16. Robert Smith says

    Hello to all and congrats on your achievement. I wanted to share my family’s experience as well. My wife and I are in our early thirties and 100% debt free. We own are house and cars completely and no credit card debt. However, I would have to disagree with some of you, we still use credit cards for our daily expenses and get the cash back benefits every months (something you don’t get if you pay cash).Anyways, keep up the good work and live life to the fullest, that ‘s my advice!

  17. says

    Thank you Courtney! We just refinanced from 30yr mortgage @4.75% to a 15yr mortgage @3.5%. NO cash out. We have debt and we are paying little by little. The last few years with economy, we used savings and credit. Still, I was shopping. I am now challenging myself to a year of no shopping…I started in November. It’s actually been a relief! Donating, letting go, giving away is changing our home life. I bring bags and bags to donate every week. I am determined to be debt free…even though we have a freshman in college now and a senior in HS who will be going to college in the fall. We are on our way. I believe we can do it. I am listening to Dave Ramsey as well. It’s a joy to let go of the physical, mental & money clutter!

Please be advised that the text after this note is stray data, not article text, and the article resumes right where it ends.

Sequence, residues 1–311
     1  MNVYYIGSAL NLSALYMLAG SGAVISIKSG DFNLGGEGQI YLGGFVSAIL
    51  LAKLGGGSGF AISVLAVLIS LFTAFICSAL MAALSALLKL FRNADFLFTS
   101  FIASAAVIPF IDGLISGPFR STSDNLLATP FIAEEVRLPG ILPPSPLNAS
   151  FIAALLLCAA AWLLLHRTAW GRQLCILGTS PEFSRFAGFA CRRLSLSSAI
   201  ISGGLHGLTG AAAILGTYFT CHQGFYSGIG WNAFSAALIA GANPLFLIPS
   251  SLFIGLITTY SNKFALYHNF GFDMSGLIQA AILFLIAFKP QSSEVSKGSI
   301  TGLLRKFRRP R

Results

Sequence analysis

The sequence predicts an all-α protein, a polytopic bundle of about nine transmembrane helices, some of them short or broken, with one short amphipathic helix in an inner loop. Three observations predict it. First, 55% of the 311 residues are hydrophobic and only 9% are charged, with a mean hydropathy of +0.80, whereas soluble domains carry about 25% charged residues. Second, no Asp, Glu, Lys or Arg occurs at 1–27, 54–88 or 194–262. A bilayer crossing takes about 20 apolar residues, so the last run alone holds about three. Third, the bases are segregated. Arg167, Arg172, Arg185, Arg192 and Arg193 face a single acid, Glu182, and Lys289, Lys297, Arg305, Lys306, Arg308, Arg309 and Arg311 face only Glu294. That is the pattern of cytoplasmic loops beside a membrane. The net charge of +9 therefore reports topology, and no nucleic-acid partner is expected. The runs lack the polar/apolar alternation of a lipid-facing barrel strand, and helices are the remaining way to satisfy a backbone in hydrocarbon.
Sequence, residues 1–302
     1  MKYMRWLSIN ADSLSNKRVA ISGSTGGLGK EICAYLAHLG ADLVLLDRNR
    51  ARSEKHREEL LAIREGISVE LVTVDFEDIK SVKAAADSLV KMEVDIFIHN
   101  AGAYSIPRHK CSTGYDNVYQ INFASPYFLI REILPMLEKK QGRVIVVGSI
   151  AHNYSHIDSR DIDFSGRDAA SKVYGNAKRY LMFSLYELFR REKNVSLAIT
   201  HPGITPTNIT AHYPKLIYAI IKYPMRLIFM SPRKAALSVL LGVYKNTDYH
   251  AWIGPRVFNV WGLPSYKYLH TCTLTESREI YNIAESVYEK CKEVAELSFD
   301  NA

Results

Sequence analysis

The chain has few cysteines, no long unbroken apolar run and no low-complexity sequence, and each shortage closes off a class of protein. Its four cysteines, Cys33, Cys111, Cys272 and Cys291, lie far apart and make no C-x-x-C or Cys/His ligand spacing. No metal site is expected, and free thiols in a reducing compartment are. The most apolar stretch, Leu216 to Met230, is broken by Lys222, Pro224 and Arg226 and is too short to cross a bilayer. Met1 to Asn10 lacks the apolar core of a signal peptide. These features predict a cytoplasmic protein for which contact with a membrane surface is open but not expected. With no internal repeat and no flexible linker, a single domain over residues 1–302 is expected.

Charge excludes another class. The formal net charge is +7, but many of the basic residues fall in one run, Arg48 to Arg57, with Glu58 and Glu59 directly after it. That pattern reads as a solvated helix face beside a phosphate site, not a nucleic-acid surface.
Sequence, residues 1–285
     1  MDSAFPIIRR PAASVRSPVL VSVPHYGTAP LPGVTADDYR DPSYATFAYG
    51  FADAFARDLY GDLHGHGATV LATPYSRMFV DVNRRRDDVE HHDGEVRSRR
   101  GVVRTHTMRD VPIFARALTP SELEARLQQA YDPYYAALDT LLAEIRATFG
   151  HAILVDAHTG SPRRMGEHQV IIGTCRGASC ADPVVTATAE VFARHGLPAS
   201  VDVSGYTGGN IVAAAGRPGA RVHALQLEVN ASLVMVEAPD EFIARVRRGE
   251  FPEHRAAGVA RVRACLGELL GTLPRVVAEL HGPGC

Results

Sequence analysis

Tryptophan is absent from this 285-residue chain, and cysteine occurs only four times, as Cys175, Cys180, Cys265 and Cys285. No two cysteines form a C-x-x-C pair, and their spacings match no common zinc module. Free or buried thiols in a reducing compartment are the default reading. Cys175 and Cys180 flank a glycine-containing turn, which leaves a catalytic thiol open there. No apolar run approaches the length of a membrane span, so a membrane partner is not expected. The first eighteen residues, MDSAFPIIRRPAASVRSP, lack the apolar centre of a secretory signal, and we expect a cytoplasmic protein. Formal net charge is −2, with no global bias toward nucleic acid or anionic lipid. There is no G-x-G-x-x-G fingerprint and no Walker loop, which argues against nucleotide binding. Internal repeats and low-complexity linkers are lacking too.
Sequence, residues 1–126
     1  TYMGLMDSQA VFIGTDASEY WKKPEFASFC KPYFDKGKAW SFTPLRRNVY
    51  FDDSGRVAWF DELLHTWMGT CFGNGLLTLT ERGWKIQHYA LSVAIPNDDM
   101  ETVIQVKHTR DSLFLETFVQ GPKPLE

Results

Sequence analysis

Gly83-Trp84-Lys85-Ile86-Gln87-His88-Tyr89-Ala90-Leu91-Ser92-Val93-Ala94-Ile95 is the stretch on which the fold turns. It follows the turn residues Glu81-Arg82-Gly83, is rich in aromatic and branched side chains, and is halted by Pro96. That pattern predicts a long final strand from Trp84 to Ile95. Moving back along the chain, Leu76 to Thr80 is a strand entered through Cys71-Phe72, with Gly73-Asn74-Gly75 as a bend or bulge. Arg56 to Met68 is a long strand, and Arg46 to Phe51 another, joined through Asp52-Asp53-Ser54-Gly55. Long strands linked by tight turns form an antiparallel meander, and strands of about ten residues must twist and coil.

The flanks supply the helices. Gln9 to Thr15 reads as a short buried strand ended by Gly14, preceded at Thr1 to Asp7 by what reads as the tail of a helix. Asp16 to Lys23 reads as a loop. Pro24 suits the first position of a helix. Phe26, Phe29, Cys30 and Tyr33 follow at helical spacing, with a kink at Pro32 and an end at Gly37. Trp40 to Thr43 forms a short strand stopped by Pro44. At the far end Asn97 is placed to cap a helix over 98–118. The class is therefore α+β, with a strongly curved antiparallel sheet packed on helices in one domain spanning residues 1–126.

18. says

    This post is awesome. I am currently on a journey to becoming debt free. I totally understand when you say you felt lighter when you decided to become debt free. Just the hope of knowing that I am working on making a better life for me and my daughter, makes me feel really good. Yes I have had to make a lot of sacrifices, but it no longer matters….debt free is all I want to be. Thank you for this post.

  19. says

    This is a great post! We too used Dave Ramsey’s program to get out of debt. We just celebrated that sweet milestone with a trip to Las Vegas and Los Angeles earlier this month. It was our way of celebrating debt freedom. Of course we paid for everything in cash and are looking forward to saving more and building wealth. Kudos to you and hubby for making it a reality as well!